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I have developed a circuit that uses a capacitor's voltage to reverse bias a thyristor.

The voltage to reverse bias it is only about 10% of its off-state blocking voltage. I am confused how I would calculate the losses of the thyristor in simulation.

Would I find the turn-on/off energies at the specified di/dt for the turn off, and then scale that by the blocking voltage (which, at the moment of switching, is only 10% its maximum?)

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The instantaneous power dissipated in the thyristor is the main terminal voltage multiplied by the main terminal current. Most circuit simulators (e.g., SPICE-based) will be happy to calculate this for you, and even integrate it over the cycle period to get the total energy.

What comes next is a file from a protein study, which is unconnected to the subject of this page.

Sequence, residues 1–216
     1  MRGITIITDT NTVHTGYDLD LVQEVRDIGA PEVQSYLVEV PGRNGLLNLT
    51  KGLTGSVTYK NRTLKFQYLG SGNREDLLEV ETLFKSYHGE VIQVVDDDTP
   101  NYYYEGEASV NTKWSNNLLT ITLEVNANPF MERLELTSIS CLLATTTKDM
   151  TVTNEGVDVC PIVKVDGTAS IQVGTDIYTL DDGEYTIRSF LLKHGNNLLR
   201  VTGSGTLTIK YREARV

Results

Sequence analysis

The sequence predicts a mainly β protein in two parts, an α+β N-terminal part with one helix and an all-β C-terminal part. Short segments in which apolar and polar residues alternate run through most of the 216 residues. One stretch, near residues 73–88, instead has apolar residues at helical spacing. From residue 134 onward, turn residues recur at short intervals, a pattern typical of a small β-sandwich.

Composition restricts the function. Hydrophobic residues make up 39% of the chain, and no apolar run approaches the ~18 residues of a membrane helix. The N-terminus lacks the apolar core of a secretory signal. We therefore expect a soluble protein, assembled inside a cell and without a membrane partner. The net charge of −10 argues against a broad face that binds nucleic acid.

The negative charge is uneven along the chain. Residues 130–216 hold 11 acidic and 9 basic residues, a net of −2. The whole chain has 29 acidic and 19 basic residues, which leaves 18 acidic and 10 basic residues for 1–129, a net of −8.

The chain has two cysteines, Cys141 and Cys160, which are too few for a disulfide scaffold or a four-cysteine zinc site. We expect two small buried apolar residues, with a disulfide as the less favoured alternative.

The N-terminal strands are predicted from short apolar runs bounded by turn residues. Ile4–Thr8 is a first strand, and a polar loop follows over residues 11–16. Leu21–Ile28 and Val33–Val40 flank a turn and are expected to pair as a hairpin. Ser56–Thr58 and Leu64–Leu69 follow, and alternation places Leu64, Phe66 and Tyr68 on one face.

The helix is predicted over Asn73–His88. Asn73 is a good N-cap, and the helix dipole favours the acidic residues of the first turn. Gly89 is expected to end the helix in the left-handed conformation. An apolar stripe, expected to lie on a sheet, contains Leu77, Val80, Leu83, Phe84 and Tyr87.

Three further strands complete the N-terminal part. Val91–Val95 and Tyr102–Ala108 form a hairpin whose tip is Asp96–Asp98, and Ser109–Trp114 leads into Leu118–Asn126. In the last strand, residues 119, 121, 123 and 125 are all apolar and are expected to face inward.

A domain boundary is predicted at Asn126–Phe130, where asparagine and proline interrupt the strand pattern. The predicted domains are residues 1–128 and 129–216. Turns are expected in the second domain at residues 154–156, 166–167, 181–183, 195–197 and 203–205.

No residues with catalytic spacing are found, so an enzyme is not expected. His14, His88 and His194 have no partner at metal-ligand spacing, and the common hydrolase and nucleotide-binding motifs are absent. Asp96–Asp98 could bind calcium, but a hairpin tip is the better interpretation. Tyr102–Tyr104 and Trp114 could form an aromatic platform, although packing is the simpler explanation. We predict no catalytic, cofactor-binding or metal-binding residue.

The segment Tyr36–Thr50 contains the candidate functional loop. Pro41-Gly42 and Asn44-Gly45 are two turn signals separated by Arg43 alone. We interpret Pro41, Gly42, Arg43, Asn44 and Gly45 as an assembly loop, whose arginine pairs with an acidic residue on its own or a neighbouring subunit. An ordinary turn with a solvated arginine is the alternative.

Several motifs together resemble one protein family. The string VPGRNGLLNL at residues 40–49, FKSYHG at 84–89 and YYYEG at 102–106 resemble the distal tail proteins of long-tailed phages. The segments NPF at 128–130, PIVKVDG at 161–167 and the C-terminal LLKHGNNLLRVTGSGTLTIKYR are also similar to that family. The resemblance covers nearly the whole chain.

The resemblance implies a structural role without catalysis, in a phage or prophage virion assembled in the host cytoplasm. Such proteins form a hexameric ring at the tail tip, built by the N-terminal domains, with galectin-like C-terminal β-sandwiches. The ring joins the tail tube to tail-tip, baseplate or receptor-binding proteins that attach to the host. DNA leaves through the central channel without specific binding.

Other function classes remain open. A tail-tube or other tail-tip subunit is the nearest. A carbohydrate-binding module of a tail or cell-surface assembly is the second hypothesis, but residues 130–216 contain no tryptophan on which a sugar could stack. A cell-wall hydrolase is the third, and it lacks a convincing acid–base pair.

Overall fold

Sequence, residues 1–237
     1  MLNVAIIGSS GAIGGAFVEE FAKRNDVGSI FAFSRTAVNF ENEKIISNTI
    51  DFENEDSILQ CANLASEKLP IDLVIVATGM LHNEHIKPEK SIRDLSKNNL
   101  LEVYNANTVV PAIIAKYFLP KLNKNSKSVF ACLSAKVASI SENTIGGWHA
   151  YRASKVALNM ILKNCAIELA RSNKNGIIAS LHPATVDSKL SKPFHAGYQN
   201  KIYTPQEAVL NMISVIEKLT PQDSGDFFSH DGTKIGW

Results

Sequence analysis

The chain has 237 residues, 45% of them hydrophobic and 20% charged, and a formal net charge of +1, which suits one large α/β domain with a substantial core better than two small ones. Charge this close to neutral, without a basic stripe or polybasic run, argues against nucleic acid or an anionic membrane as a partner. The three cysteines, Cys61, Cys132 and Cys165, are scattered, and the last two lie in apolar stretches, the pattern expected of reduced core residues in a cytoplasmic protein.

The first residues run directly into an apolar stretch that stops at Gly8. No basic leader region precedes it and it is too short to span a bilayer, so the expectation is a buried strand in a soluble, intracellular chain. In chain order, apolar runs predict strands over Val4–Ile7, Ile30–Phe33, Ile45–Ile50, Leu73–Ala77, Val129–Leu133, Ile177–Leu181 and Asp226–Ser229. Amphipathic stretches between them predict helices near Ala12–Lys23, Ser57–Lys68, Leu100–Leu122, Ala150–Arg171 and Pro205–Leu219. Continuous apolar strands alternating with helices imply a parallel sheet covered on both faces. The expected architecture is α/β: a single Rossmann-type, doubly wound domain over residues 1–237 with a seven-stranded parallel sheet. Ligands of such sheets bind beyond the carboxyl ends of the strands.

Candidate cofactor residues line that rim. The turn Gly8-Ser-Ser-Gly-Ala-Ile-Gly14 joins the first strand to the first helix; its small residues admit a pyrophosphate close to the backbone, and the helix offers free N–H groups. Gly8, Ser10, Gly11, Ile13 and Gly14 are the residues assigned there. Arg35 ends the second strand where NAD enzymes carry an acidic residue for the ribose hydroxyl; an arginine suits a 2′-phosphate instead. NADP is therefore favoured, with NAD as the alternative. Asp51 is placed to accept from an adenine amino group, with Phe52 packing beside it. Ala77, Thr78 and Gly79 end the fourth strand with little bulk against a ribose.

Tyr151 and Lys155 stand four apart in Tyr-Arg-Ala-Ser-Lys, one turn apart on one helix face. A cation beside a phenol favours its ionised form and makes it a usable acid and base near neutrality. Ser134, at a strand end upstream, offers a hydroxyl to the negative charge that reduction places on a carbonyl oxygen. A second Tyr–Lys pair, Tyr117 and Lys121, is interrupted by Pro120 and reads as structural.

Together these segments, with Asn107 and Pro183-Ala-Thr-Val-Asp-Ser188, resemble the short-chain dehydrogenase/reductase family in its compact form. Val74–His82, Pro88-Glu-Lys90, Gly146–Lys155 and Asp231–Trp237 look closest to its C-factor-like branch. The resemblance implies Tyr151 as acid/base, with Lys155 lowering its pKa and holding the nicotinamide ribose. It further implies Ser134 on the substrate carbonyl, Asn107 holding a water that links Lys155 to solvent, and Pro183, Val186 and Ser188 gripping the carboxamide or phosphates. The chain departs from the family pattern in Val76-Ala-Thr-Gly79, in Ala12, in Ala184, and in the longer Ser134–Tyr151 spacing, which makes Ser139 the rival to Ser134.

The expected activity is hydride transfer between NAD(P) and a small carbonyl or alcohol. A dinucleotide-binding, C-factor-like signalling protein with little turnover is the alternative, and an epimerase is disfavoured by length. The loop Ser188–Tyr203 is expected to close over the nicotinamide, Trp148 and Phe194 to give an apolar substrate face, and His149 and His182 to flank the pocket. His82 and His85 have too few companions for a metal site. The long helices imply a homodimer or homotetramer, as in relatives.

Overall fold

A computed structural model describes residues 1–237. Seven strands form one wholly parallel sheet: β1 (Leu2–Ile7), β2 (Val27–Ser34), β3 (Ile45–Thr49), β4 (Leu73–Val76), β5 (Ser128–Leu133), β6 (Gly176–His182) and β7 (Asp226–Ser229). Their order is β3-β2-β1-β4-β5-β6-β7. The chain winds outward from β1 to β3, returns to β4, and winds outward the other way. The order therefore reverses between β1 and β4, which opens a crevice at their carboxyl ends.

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Switching any solid state switch (thyristor, MOSFET, SCR) at zero volts or zero current will produce less switching losses since less energy is dissipated in the linear region during the transition. This is the basis of quasi-resonant switching circuits.

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